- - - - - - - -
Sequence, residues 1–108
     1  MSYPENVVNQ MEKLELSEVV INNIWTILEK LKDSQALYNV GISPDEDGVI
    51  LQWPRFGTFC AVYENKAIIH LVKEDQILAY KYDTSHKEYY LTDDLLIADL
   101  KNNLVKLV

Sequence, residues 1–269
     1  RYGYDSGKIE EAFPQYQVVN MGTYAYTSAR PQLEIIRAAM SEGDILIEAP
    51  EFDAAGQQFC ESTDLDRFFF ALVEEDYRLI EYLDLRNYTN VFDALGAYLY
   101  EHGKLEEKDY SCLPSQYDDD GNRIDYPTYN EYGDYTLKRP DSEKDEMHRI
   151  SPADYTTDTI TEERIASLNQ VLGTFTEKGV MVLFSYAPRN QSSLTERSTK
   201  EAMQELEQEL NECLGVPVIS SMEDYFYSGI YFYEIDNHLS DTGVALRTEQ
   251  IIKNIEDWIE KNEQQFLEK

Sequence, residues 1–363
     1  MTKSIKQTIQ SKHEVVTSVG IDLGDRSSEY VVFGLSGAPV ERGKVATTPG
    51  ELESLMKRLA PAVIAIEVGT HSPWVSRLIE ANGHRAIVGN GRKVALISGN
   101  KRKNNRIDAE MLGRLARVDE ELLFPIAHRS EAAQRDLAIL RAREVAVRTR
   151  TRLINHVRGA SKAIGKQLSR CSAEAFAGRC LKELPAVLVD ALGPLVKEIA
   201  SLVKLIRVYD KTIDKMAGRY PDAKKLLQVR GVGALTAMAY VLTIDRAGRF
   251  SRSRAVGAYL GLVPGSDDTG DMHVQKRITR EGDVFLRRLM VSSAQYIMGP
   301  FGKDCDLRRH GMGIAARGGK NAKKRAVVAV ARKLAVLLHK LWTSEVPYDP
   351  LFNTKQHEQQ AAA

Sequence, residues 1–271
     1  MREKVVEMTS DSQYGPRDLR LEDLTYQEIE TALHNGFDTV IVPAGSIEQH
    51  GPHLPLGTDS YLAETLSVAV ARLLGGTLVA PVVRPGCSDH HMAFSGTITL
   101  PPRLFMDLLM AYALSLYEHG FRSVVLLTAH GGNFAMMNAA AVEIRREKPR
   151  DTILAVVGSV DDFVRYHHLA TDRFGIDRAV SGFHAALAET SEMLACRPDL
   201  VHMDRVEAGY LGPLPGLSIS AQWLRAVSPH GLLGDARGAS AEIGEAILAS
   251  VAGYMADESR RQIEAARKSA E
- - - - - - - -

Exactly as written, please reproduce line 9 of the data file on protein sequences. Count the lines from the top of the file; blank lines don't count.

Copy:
   151  SPADYTTDTI TEERIASLNQ VLGTFTEKGV MVLFSYAPRN QSSLTERSTK